5 Maintenance Tips to Keep Your Everyday Carry Folding Knife Sharp

Any knife will start to lose its sharpness over time, and that can be a problem if you rely on it daily. For example, if you keep an everyday carry (EDC) knife in your pocket, bag, or tool belt, you want to know it’ll cut effectively in almost any situation. Whether you’re slicing thick packaging, preparing kindling for a campfire, or segmenting an apple, an EDC knife in good condition can do it all. But it won’t stay that way without regular maintenance.

Surely only a knife expert has the skills to maintain their blades properly, right? Not at all. Anyone can do it with a few simple tips and tricks. One of the most important points to keep in mind before we look at them, though, is that a blade doesn’t need to be razor sharp to cut effectively. For instance, this folding knife for everyday carry features a rounded-tip safety blade to reduce the risk of injuries but is sharp enough to cut a range of materials (e.g., clamshell packaging, cardboard, twine).

This knife’s also made of 100% zirconium oxide: It’s chemically inert, and you can wash it as much as you need to without worrying about rust. Plus, the blade is designed to last up to 11 times longer than metal ones. That means it’ll stay effective for more time than you might expect if you’ve only used folding knives featuring metal blades before.

But regardless of the EDC knife you choose, you have to take care of it to keep it in great cutting condition. Try these five maintenance tips to maintain its sharpness.

Sharpen Your Blade With Care

Standard metal folding knives should be sharpened frequently to keep them ready for use. Every two to three months might be regular enough if you use your EDC knife daily, but longer intervals should be fine if you go days without cutting anything.

You don’t need professional sharpening gear to hone the blade properly: a good stone or rod should do it. Or, leave it to an expert if you can find a good knife-sharpening service in your local area.

Not all blades need to be sharpened, though, so check with your manufacturer if in doubt. You could damage and ruin them if you’re not careful, particularly with safety blades.

Clean and Dry Your Knife Carefully to Maintain Its Performance

Thorough cleaning is paramount for keeping your knife in good cutting condition. Dirt, grime, and residue could cling to your blade after you use it. Over time, these can harden and become more difficult to remove. And they could interfere with your knife’s ability to cut effectively.

This can also contribute to rust in metal blades, but not with chemically inert, rust-free ones.

Make sure you dry the entire knife carefully, not just the blade, to protect internal components from residue. Use a soft towel (not a coarse one) to lightly dry the knife from end to end, and blow it with a hairdryer to reach its internal area as best you can.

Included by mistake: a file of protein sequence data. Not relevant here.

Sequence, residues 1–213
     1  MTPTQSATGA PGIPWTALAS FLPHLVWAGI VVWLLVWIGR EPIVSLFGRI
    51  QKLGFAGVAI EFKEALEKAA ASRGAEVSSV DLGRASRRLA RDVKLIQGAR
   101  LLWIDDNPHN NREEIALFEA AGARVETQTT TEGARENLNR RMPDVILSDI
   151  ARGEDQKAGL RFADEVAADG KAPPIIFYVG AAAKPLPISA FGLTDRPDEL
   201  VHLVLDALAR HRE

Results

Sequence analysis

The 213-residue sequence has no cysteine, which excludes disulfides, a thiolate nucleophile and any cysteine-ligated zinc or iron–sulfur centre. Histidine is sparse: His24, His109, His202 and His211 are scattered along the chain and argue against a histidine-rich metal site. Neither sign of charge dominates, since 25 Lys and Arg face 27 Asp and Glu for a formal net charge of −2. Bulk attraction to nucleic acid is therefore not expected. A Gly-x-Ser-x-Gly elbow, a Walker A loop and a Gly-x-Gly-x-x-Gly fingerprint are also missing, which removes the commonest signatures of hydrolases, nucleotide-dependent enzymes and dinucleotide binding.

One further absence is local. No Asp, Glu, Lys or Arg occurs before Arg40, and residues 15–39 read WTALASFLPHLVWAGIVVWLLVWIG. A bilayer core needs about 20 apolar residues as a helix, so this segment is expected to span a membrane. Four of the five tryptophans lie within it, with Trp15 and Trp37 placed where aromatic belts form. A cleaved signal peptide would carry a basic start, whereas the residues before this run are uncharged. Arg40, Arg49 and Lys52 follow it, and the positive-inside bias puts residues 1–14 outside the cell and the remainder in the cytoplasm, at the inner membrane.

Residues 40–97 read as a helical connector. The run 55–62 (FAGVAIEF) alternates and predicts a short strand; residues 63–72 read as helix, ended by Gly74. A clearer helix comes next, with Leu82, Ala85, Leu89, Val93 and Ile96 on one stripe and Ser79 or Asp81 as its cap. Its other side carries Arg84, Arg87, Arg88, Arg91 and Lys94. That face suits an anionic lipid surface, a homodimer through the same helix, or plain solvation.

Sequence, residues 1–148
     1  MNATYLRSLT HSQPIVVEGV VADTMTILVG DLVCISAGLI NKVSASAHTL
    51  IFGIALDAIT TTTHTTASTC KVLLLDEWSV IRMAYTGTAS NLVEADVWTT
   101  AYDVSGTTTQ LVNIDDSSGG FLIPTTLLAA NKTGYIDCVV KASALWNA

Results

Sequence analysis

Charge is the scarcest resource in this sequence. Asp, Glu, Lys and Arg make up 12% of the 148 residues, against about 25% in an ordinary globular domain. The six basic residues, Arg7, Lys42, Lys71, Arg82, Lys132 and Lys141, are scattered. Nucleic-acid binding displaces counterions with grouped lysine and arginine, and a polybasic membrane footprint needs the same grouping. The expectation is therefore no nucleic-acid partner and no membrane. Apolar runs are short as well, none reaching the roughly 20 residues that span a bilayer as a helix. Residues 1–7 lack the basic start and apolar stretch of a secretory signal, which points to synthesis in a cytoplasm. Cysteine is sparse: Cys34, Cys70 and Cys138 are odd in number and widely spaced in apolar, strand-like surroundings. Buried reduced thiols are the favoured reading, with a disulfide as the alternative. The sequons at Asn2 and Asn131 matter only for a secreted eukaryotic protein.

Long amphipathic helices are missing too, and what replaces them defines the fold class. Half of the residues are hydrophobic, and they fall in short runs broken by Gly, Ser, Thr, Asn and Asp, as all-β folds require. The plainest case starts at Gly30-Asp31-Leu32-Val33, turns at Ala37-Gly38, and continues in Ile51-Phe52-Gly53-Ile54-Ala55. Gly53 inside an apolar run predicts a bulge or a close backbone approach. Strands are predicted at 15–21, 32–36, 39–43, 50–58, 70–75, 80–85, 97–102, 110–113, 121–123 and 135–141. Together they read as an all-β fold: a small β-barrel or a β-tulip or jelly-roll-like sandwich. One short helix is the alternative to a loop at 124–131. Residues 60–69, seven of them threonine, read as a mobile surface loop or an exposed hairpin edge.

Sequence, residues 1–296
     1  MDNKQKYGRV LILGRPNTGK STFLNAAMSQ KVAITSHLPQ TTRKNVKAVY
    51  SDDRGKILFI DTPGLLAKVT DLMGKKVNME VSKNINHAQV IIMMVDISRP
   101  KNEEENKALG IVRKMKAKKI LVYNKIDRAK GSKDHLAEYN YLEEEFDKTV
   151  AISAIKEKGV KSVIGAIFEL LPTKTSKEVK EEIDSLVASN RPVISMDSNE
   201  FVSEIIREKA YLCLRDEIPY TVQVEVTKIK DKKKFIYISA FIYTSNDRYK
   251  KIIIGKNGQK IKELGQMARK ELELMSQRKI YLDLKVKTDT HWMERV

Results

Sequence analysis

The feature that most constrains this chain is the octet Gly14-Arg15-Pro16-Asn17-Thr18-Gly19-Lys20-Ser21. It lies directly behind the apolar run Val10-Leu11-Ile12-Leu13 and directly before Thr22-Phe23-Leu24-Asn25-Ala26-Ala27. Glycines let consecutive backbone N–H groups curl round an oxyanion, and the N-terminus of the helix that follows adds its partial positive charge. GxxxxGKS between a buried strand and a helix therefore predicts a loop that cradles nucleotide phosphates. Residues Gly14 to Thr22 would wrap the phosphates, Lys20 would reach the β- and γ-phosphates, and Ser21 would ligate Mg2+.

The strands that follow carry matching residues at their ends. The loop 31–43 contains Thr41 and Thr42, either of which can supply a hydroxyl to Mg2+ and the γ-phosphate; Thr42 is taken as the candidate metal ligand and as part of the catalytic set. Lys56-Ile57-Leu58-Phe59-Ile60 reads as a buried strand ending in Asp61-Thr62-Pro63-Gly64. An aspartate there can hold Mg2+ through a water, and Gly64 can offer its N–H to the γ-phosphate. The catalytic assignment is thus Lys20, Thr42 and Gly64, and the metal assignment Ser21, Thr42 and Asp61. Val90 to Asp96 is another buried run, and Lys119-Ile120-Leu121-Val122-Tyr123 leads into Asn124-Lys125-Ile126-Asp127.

Lubricate Your Knife to Keep Its Inner Workings Functional

Many folding knives require lubricating or oiling to maintain their performance. Friction generated whenever you fold and unfold the blade can affect its functionality over months and years. That may not affect its sharpness, but it may become harder to handle and cut properly.

Put a drop or two of oil or a lubricant into its internal space to reduce the potential damage caused by frequent friction. Not all EDC knives require oiling, though; some may be resistant to rust.

Make Sure You Insert the Blade Properly After Changing It

Replacing the blade is a quick and easy process with the best modernized EDC knives. You should be able to take the current blade out, slip the new one in, and start cutting in next to no time.

But it’s vital to insert the new blade fully to ensure it works. If you try cutting without inserting the blade properly, you could damage it and the material being cut. And it may be ineffective as a result.

This should be less of a risk with some materials that are stronger than standard metal, but check the instructions to ensure you insert the blade correctly anyway.

Inspect Your Knife for Obstructions

Take a close look at the inside of the knife’s handle (if possible) to make sure it’s free of debris. If debris is not removed regularly, it could chip away at a metal blade every time it’s pushed back inside the handle. This increases the odds of not only a less clean knife but dulling the blade.

Grab a torch and shine it inside the handle to check for issues. If you see any, the manufacturer may offer advice on how to fix them.

Maintenance Tips in Check

Follow these five tips to keep your EDC knife sharp and in peak cutting condition. Whether you use it for crafting, camping, or anything else, taking care of your knife will make sure it’s ready when you need it.

Written by Simpson

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